Posted on Mar 13, 2020
The news around the coronavirus pandemic is changing and updating so rapidly that it's hard to keep up, especially if you are plugged into various social media platforms and/or WhatsApp groups. Umrah visas to Saudi Arabia have been temporarily stopped, access to the Ka'aba briefly shut down for deep cleaning and crowds severely restricted, masajid closed down; halaqas, Sunday school classes and even Jummah prayers cancelled.
It's a lot to wrap our heads around, I know. Like you, I'm worried as well. But this is a time to dig deep and tie our rope even tighter to Allah (S) and trust in His infinite wisdom and mercy, to be smart and listen and follow the public health guidelines we are receiving in our various communities.
The Ka'aba being cleaned in Makkah. Image source: Business Insider
As my friend and colleague Hena Zuberi, editor over at MuslimMatters.org and director of Justice for All wrote on Facebook (excerpted from her status update):
"We love our masajid and want to pray there but sometimes community leadership has to make tough decisions.
I see many of our siblings freaking out over Masjid closures, acting like there has never been a snowstorm or masjid closed due to iced parking lots. Yes, scholars say if you die of the plague, you get the reward of dying as a Shaheed (May we be blessed with that position) however they cannot endanger the entire community because of this.
Think of #CoVID19 as a storm. Sometimes they wreck havoc and sometimes they pass over us and through the Mercy of Allah, we don’t feel the effects. Either way we keep holding on to the Beloved rope of Allah.
Please don’t make it difficult for imams and board members who decide to close. It is a heavy burden they are lifting and are not making these decisions lightly. Many of them are volunteers and have spent hours away from family with health officials to come to a final decision. ...
We are a community of balance – we don’t have to go into panic mode just because others are panicking. We don’t hoard because others are hoarding. And we take sensible precautions. We use this opportunity from the hectic life we live to reconnect with family, neighbors, the Quran. Think of ways we can be a benefit to our communities. Think of the homeless, those in senior centers, those without insurance or who can’t work. We are the Best of creation. We are the Ummah of the Habib (saw), let’s act like it.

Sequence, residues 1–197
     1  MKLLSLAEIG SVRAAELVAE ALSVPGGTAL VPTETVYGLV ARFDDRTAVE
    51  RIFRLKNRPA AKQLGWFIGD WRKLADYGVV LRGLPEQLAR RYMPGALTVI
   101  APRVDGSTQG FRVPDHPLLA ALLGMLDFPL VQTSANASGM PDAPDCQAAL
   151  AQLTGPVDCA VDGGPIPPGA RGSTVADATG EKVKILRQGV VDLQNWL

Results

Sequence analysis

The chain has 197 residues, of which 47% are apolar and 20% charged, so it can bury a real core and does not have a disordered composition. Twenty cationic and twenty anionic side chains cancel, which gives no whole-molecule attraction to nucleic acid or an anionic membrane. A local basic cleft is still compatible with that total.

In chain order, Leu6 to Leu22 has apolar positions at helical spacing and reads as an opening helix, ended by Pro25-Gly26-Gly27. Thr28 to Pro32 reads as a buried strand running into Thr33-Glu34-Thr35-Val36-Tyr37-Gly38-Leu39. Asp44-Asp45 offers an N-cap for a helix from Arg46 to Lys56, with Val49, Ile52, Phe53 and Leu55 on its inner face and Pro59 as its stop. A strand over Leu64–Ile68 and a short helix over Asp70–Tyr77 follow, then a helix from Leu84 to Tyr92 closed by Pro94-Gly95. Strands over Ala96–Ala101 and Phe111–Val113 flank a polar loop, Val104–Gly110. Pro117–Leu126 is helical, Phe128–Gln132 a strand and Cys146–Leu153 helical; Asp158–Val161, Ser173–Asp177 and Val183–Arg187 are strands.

*We tie our camel and trust Allah.* ..."
I appreciate her words because I understand the immense thought and reflection our leaders have put into making these decisions regarding our religious institutions and congregational prayers. This is a time for us to take heed and reflect, to adhere to precautions and try and live with full faith in Allah (S). As I was telling my youngest son this morning, it's so telling and humbling to think about how a virus that we cannot see is affecting the world so profoundly.
If you are a person of faith, there are immense lessons to learn here, about turning inwards in our prayers, working on our relationship with the Quran and Allah (S). As Dr. Ingrid Mattson says here:
We might benefit by considering our ethically-mandated social distancing also an opportunity for spiritual retreat, to reset our intentions, perspectives and habits.— Dr. Ingrid Mattson (@IngridMattson) March 13, 2020
Consider reciting the following du'a after every prayer to help you and our community during these uncertain times.
Image source: TheIslamicInformation.com
Also this lecture from Sheikh Omar Suleiman of the Yaqeen Institute offers beautiful lessons we can learn from the time of the Amwas plague, the first plague to claim the lives of hundreds of sahaba (companions of the Prophet Muhammad saw) and thousands of people in the 7th century.
Be safe my friends. Take all the necessary precautions and leave the rest up to Allah (S). All of us here at Haute Hijab are praying for everyone's health, safety and protection.